In a series of seven trenchant interventions Alain Badiou analyses the decisive developments in Greece since 2011. Badiou considers this Mediterranean country “a sort of open-air political lesson”, with much to tell us about the wider situation. Greece is exemplary of “our fundamental contradictions in Europe, which are also ultimately the fundamental contradictions of the world such as it is—the world served up to the authoritarian anarchy of capitalism.”
Notwithstanding the Greeks’ heartening opposition to the financial markets’ hegemony, Badiou considers it also important to address the reasons why this opposition failed. “Movementist” politics may arouse widespread sympathy, but for the French philosopher they have “absolutely no effect other than to temporarily trap the movement in the negative weakness of its affects.”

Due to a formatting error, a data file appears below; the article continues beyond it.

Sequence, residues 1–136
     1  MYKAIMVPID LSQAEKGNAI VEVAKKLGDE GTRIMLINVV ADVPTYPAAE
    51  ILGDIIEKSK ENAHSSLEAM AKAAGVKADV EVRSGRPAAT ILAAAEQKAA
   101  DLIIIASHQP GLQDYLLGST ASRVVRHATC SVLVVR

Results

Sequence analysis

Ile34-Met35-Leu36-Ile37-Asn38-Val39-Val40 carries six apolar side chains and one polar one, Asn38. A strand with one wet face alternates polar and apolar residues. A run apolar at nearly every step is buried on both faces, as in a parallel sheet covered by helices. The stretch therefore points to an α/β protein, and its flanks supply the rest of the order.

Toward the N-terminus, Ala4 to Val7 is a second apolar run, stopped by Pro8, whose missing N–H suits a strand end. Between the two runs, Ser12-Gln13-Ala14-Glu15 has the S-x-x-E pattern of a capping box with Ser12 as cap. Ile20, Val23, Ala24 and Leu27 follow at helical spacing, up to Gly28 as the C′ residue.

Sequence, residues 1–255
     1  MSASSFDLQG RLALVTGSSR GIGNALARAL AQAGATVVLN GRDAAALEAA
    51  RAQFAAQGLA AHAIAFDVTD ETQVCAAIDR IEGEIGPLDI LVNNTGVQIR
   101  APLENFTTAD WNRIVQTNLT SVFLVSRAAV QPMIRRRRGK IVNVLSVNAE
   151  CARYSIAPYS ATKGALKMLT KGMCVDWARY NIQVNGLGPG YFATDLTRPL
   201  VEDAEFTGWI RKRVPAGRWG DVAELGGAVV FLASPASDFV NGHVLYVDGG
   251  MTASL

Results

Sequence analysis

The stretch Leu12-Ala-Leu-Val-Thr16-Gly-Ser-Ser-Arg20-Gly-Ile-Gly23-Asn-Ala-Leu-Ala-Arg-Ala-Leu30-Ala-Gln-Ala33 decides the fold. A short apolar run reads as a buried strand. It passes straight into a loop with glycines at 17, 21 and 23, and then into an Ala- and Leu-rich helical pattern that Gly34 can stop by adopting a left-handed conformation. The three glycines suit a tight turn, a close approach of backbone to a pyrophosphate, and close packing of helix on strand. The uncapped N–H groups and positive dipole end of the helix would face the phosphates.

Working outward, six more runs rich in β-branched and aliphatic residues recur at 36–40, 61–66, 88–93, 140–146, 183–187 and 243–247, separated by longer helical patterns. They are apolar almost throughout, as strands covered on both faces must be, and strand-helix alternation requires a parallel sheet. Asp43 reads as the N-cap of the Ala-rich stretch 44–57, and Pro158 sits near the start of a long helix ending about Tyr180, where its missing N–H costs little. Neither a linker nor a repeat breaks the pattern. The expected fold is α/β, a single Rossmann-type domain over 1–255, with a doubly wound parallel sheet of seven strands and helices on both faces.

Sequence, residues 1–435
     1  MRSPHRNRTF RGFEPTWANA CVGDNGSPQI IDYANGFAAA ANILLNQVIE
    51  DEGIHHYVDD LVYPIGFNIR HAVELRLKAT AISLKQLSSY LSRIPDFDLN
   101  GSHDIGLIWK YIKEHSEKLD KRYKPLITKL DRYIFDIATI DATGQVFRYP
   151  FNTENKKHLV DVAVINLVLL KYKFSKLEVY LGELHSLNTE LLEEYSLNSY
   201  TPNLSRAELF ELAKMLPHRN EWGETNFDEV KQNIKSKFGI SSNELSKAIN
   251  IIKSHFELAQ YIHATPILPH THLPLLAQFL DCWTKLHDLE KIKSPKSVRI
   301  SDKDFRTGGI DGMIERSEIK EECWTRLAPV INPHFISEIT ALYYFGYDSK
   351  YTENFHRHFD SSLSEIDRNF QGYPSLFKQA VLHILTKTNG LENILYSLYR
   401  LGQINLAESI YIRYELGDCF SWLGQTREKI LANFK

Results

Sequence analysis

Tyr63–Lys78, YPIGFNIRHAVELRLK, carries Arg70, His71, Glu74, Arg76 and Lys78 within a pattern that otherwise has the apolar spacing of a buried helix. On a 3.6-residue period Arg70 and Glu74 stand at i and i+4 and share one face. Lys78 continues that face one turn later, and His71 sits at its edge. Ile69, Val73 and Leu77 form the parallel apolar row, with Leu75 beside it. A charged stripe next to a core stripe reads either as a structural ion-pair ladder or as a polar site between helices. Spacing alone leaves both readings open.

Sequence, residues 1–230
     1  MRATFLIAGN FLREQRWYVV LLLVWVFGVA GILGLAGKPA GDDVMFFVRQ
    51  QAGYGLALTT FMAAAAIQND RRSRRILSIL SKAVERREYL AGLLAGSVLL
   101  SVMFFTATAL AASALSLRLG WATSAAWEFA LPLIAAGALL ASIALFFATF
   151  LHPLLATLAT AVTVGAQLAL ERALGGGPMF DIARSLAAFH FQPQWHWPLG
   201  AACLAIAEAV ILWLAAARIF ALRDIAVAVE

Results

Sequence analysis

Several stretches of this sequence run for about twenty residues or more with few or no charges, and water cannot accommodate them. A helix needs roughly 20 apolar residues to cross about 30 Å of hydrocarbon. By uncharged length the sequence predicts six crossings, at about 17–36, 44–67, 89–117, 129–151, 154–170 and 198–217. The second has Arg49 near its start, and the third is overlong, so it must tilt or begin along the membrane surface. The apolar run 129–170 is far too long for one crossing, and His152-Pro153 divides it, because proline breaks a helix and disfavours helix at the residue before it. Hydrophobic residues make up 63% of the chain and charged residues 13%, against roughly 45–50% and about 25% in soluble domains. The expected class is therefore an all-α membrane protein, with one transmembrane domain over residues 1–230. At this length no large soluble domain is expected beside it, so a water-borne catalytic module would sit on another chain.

Badiou argues that a consequential opposition inspired by the emancipatory politics of the past—or by what he calls “the communist hypothesis”—should set its compass by the “orienting maxims” proposed in this book, defining a direction for political action.
“Greece has long been a country with 'too much history,' a harbinger of broader developments in Europe. In the course of its recent crisis it provided the testing ground for several political approaches. Failure was general, but none was greater than the abject capitulation of Syriza. Alain Badiou surveys the wreckage calmly and with sadness, seeking the reinvention of a radical and class-based politics. This is indeed what Europe needs today, and the only positive outcome from the Syriza debacle.”